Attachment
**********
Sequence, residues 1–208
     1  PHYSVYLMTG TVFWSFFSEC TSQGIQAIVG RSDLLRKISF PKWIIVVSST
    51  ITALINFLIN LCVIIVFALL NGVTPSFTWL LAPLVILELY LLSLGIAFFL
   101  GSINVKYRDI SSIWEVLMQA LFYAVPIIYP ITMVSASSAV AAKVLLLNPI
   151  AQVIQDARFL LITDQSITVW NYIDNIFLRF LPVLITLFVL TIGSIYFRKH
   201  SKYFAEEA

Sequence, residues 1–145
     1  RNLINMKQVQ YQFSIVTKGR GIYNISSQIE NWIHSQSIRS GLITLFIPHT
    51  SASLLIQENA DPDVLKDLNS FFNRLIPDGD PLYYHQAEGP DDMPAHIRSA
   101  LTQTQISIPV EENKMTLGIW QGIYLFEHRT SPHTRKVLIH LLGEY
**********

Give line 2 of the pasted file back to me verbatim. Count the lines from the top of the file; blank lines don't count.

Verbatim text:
     1  PHYSVYLMTG TVFWSFFSEC TSQGIQAIVG RSDLLRKISF PKWIIVVSST